Tuesday, November 26, 2013

Contemplating commemorations

The flags are still at half-mast in front of state and federal properties, but the official remembrances of the Kennedy assassination as well as the TV specials and news stories are for the most part behind us. And I, for one, find this a relief.

I don’t think my aversion to these anniversary commemorations that seem to border on reenactments is due to the fact that I wasn’t yet born when President Kennedy was assassinated. I felt the same way two years ago during the 9/11 ten-year anniversary commemorations.

It’s not a matter of denial. I agree absolutely that tragedies and their victims need to be remembered. But remembered how? It’s the tradition of dwelling on the shocking or tragic moments that ended their lives that I find unsatisfying.  I would so much rather honor President Kennedy by learning more about the Cuban Missile Crisis or reading about the history of the Peace Corps than seeing yet another photo of the motorcade, hearing yet again about the blood spattered on the pink suit. 

The memory of September 11th gives us much to reflect upon as well, from the Patriot Act to the level of acceptance for Muslims in America, and, of course, tens of thousands of people mourn individual losses from that day. But seeing footage of a burning building remains horrifying and scary, just as it was on that day, and I simply don’t see any redeeming qualities in the experience of being frightened and horrified all over again.

We had an interesting off-the-record debate at church earlier this fall. Every year, in preparation for Day of the Dead on November 1, our Music and Worship Committee asks parishioners to submit names of the dead to be read as part of a commemorative ceremony. A year ago, I submitted five names: three were personal friends lost over the past few months, and two others were townspeople whom I thought other church members might not think to include on the list. Many people at our church submit the same names year after year, but when the request came out this fall, I wasn’t tempted to write down any of these names from last year again.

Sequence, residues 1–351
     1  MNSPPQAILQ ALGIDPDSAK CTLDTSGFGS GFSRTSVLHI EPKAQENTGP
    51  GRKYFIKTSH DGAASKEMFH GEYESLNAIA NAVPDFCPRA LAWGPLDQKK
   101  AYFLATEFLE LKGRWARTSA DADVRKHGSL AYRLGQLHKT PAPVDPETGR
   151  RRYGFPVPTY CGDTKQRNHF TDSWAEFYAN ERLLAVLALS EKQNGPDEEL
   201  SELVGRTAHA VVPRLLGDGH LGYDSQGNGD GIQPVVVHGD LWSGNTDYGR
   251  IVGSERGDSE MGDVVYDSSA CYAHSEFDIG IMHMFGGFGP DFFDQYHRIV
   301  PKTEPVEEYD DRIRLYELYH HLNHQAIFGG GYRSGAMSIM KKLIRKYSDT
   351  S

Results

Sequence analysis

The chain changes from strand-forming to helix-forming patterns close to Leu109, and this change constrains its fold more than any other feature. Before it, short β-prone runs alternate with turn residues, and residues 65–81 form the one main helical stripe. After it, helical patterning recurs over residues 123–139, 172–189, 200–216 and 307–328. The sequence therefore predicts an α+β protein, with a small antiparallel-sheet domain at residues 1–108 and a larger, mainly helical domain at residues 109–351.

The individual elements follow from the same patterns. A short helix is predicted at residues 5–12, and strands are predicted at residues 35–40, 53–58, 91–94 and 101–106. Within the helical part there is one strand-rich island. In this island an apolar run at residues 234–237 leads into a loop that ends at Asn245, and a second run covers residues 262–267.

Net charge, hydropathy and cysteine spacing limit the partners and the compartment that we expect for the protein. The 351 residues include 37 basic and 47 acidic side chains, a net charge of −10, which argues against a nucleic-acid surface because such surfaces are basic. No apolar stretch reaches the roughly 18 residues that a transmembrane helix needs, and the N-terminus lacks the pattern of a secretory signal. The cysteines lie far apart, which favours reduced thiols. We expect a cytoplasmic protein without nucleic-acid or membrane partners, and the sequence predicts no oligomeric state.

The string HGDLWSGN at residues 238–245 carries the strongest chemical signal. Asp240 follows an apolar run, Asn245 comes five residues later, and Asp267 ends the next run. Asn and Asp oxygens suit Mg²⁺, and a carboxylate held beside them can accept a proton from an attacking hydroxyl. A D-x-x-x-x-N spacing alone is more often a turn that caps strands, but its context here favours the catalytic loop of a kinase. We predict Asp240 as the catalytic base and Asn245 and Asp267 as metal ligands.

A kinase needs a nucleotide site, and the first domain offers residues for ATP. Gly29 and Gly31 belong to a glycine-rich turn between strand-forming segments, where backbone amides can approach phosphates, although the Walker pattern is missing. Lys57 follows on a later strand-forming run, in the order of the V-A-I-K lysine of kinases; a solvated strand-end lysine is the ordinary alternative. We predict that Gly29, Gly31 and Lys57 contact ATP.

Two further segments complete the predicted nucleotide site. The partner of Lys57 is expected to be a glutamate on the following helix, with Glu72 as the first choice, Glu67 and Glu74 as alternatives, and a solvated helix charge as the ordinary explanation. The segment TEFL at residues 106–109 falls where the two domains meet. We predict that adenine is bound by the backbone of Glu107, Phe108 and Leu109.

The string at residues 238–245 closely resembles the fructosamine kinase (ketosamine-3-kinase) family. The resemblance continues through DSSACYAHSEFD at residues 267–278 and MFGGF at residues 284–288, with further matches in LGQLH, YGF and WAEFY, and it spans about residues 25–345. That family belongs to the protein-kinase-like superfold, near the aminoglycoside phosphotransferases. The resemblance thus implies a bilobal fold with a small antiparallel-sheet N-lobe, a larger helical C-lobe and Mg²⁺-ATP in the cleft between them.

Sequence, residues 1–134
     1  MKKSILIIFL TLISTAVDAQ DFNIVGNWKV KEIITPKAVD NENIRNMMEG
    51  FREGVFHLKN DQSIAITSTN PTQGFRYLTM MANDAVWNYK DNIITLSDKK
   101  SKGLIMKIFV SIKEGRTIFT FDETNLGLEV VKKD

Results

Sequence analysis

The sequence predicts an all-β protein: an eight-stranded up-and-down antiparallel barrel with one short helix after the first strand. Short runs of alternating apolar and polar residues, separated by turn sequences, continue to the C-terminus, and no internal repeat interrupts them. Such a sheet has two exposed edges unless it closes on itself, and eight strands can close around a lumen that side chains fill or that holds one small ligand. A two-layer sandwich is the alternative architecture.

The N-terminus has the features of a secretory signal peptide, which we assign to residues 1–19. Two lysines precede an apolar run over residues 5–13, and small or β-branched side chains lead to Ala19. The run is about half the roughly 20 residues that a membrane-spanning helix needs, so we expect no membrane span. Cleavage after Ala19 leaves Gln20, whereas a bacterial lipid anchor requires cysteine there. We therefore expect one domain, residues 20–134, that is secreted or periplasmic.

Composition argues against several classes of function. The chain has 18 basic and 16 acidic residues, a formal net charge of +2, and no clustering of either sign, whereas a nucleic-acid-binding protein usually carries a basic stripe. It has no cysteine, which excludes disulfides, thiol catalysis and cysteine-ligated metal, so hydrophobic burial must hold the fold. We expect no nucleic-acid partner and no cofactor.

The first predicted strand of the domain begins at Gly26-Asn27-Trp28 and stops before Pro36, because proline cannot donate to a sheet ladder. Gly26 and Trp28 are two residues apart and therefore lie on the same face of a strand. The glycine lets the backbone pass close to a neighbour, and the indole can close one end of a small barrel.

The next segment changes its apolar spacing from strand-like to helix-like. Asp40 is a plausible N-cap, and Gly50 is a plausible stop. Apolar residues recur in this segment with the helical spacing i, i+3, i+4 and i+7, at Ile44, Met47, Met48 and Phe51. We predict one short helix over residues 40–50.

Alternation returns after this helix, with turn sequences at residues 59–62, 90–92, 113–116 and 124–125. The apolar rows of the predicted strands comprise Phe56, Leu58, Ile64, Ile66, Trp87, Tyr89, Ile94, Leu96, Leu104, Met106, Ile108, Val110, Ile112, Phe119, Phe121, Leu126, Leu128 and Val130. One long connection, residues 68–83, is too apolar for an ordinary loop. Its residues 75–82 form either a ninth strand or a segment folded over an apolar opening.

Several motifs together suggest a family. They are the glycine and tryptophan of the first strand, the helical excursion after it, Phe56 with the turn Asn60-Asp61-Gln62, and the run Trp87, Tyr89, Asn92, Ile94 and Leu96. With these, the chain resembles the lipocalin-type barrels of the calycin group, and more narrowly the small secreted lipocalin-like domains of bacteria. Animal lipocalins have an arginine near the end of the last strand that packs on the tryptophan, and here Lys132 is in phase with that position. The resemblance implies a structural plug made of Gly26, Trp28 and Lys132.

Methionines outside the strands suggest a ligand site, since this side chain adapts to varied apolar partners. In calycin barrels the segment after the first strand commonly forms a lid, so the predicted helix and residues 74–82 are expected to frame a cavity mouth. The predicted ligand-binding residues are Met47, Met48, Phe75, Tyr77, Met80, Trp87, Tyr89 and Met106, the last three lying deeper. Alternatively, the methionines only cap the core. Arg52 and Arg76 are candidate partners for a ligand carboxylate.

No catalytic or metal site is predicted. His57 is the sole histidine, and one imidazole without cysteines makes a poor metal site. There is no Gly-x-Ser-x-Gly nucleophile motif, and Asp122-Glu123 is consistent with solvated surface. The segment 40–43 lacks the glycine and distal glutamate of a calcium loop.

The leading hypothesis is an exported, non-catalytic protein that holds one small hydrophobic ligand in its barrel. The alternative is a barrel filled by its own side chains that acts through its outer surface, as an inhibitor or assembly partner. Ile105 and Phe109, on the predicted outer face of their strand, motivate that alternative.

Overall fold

“It’s not that I don’t still mourn them or think about them, especially the two to whom I was closest – one a former next-door neighbor and the other a high school classmate,” I said to our minister as I explained my concerns about the Day of the Dead tradition. “It’s just that commemorating them by reading their names aloud the first year that they are gone feels respectful and appropriate, but reading their names year after year just reminds me that they will be gone forevermore.”

But another church member in on the conversation disagreed with me, saying that his late mother had been an active and enthusiastic churchgoer for decades before her death five years ago, and he felt it was right for her name to be spoken there in a ceremonial context once a year.

Perhaps I’m being callous, or am in denial about the scope of tragedy. It’s hard to know what the right answer is. But with the anniversary of the Newtown massacre coming up, I anticipate thinking about this all over again. Remember each child: pay tribute to the adults who lost their lives: make a contribution to a cause; join an anti-gun group. But using the anniversary to relive the events themselves? I just don’t see the value in it.

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